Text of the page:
Several months ago I decided, for the umpteenth time in my life, that I needed a break from church. All the usual factors were at play, from frustration with the expectations surrounding gender and marriage to frustration with the culture of obedience and family-worship. The immediate catalyst for my leaving was not unrelated to these things. My older sister moved into the ward, and we started going to church together. This should have been fun, and of course I was happy she was there. But watching the sharp differences in the ways we were treated by other members of the ward just brought home to me that no, I was not imagining my marginalization in the community. People who barely registered my existence went out of their way to talk to and include her. People would literally talk over me, if I was sitting next to her, to engage her in conversation, without appearing to notice I was even there. I may as well have been a piece of furniture. She was asked to speak in sacrament meeting soon after moving in, and had a calling shortly thereafter—very different from my experience moving into the ward nearly a year earlier.
To be fair, I suspect there were multiple factors at play in this dynamic. She’d lived in the ward years earlier, and in some cases people were just re-connecting. And for all her genuine introversion, she might be more talkative in social settings than I am. But I also think a huge factor was—and this is the kicker—she has young children. I watched with a combination of fascination and alienation as that reality integrated her into the community in a way that eluded me. My experience in the ward was by no means all negative. There were a handful of amazing individuals who went out of their way to be friendly and welcoming when I moved in, and that made a huge difference. But my experience in general was all too typical of what happens to older, single women in our communities: I was basically invisible. (The bishop, after I’d been in the ward maybe five or six months, finally shook my hand and said something about my being a visitor. I didn’t really take that personally, though, as various people assured me that he ignored all the single women.)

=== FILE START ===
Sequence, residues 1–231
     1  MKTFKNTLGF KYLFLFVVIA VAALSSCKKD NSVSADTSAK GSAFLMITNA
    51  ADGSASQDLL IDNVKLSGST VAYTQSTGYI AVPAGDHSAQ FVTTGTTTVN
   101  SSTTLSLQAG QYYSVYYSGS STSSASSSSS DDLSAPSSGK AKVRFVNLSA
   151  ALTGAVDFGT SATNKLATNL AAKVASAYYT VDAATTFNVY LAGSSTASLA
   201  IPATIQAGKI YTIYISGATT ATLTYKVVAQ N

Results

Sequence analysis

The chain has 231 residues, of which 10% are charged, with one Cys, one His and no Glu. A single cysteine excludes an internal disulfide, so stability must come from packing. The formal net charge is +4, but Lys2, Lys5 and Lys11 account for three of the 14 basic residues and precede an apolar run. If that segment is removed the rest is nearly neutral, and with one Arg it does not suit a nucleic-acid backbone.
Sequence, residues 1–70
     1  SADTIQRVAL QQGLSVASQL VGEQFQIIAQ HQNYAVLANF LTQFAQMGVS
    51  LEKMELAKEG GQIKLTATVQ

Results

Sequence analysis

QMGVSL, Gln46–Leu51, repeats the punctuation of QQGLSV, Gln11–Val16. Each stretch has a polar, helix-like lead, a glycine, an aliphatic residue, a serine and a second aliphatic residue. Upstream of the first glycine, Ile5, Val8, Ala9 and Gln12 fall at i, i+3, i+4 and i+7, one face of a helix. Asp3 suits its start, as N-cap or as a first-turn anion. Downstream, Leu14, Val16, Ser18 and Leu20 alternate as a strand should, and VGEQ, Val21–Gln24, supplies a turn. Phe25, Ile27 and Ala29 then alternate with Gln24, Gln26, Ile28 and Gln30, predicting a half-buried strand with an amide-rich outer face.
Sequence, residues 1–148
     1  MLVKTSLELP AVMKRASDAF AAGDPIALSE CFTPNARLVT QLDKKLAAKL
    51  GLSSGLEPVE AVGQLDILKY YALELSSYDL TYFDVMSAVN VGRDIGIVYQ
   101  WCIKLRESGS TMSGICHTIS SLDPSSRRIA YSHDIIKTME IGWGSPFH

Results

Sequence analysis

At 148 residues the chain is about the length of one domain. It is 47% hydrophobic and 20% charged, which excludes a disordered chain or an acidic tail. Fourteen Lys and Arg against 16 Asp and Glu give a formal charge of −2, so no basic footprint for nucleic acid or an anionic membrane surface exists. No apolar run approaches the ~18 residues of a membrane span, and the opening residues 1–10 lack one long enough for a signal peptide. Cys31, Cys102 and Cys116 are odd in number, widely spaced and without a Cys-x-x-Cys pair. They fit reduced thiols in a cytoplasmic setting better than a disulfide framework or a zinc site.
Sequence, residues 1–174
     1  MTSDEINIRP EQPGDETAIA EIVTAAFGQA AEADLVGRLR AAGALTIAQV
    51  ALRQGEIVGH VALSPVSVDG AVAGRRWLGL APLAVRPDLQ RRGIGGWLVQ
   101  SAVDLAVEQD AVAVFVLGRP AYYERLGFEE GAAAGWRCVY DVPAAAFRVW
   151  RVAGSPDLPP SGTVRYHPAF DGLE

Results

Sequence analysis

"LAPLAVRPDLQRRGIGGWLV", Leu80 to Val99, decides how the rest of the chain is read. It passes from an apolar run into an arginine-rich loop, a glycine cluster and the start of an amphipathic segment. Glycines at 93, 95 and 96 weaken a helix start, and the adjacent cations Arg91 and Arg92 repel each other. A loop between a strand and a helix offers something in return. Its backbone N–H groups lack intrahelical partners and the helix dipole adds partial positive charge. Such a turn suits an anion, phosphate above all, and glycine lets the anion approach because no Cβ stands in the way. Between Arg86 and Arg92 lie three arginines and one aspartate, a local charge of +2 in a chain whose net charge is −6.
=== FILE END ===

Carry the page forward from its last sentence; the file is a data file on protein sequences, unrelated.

I don’t want to overstate the significance of what happened with this ward; if I hadn’t had a mountain’s worth of baggage with the church already, I probably would have grit my teeth and found a way to navigate the social dynamics. But as someone who already exists in deep tension with the church, I find that I just don’t have a lot left over for dealing with difficult local communities. In my last ward, in the Bay Area, where I felt welcome and included and even like my contributions were valued, I’d gotten the idea that I could make this church thing work despite all the craziness. But in the past year and a half, that’s come back into serious question.
So I took a few months off from church. But I started to miss it, started wanting to have some kind of formal religious worship in my life again. Still, the idea of going back to an LDS church made me feel alternately sick and overwhelmed. I decided instead to go church-hopping, to check out some of the beautiful churches downtown in the city where I live. I’d been to the Episcopal church before, for things like Lessons and Carols at Christmas. When I looked at their website and saw that they had an 11:15 am service, I was sold. (In addition to all my other problems with attending Mormon church, I have to admit that sacrament meeting at 9:00 was proving to be a bit of a challenge.)